Authors: Mustafa CANLI
Abstract: The carps Cyprinus carpio were exposed to sublethal concentrations of mercury (0.01 and 0.1 mg/1), chromium (2 and 20 mg/1) and nickel (2 and 20 mg/1) for seven days. Following the metal exposures, total and heat-stable protein levels in the liver, muscle and gill and glycogen contents in the liver and muscle of fish were measured. Results were statistically compared with a control group which was kept in the same conditions without any metal addition. Glycogen levels in the tissues of all metal-exposed carps significantly decreased. When compared to the control levels, mercury caused highest depletions of glycogen in the tissues (up to 96 %), and was followed by nickel (up to 86 %) and chromium (up to 75 %). Total protein contents in the tissues of metal-exposed animals decreased significantly over control values, except in the liver and gill of chromium exposed animals. In the heat-treated homogenates, percent protein loss differed between control and metal-exposed fish. Highest protein loss after the heat-treatment occurred in chromium exposed fish (up to 84 %), and it was followed by nickel (up to 43 %), mercury (up to 41 %) and control (up to 33 %) fish. Except in the chromium experiment, highest percentages of protein loss were found in the muscle, and were followed by the liver and gill.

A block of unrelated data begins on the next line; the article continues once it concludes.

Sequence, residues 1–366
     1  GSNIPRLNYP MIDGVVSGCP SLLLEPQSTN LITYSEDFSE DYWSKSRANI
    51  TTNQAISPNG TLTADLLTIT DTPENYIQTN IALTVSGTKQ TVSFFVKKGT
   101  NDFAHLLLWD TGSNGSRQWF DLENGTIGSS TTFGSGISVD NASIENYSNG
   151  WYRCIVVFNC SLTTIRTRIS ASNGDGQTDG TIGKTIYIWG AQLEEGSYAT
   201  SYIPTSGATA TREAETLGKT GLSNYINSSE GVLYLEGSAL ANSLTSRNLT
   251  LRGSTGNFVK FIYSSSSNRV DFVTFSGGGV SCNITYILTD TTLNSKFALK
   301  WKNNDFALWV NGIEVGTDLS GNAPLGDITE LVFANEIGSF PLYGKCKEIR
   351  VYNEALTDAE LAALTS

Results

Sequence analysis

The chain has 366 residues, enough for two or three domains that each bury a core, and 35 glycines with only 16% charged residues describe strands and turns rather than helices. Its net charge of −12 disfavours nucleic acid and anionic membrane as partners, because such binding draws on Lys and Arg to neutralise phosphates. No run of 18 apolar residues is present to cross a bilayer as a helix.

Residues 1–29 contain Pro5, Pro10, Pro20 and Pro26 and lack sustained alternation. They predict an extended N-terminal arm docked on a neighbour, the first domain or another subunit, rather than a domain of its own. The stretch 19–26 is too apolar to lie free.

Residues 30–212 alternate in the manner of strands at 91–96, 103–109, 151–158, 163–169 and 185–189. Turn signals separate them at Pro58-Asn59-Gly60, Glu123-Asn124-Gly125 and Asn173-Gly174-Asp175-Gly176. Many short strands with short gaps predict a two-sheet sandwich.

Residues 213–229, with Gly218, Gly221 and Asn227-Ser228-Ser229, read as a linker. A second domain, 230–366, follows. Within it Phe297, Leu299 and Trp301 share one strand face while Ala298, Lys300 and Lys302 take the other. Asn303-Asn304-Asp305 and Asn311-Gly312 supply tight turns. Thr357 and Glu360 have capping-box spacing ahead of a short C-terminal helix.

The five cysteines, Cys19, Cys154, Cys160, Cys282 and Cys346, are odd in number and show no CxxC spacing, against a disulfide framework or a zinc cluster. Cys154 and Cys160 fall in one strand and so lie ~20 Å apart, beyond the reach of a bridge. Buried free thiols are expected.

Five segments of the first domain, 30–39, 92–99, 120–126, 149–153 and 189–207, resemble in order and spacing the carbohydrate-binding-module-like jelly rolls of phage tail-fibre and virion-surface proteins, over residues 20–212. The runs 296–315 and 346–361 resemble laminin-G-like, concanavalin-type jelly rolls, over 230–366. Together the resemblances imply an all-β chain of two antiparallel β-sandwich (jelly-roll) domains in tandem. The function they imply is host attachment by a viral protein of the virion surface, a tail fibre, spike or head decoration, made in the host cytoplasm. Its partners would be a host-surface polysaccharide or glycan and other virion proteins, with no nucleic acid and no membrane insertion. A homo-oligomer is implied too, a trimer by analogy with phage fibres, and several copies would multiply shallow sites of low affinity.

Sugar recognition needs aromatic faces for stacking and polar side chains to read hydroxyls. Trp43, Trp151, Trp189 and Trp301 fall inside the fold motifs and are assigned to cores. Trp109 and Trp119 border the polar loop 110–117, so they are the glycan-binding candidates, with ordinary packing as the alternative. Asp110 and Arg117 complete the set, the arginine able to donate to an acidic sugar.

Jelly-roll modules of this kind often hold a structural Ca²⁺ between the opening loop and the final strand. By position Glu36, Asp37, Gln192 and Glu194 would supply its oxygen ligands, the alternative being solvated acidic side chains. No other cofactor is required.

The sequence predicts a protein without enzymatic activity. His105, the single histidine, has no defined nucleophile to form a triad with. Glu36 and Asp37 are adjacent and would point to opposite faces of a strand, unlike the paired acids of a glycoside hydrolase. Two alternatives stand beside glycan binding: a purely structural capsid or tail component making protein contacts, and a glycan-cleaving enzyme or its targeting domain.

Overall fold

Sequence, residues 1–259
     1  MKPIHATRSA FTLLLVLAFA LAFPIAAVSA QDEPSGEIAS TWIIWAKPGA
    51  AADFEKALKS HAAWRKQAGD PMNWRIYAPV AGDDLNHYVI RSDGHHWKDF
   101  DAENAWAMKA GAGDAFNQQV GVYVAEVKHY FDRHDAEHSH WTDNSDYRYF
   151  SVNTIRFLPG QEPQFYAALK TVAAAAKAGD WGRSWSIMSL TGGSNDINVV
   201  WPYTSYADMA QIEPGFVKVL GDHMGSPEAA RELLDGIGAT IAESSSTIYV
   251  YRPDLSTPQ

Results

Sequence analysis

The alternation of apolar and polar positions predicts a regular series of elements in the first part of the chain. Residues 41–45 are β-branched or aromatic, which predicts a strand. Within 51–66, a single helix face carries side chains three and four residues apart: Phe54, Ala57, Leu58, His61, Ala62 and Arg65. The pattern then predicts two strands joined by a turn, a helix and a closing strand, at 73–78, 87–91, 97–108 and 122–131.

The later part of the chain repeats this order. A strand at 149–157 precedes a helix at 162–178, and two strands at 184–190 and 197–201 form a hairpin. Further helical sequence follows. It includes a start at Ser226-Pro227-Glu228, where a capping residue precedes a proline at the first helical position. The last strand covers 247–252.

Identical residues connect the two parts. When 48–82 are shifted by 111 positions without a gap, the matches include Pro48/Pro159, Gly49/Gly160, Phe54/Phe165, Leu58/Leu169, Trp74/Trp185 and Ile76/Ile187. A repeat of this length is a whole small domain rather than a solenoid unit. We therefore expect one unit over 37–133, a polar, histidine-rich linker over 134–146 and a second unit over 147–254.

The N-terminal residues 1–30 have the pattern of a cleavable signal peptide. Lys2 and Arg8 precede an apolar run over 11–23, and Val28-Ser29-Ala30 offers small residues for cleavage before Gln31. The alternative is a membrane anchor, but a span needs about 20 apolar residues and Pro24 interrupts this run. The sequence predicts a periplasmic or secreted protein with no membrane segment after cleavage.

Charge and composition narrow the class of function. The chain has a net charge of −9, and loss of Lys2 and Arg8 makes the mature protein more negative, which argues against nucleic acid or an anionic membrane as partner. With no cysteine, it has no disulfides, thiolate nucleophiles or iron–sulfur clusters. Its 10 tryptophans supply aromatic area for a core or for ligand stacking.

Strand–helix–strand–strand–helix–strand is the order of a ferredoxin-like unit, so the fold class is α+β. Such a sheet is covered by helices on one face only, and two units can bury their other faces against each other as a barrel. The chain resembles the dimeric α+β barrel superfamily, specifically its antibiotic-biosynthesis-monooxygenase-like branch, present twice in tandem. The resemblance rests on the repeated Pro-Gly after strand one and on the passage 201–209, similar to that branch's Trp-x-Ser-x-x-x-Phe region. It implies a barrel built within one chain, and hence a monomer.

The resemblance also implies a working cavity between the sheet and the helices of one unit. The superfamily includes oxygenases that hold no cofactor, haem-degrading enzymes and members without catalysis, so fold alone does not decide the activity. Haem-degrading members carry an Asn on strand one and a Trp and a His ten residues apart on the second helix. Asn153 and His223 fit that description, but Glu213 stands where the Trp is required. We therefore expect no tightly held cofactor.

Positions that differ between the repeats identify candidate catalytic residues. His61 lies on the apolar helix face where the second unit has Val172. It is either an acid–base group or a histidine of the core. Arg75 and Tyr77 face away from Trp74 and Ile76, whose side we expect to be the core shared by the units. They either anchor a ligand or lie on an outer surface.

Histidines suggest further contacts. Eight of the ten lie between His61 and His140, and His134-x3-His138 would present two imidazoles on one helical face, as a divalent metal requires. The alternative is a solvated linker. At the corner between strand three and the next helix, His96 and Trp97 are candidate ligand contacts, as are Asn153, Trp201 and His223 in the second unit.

Keywords: Mercury, Chromium, Nickel, Protein, Glycogen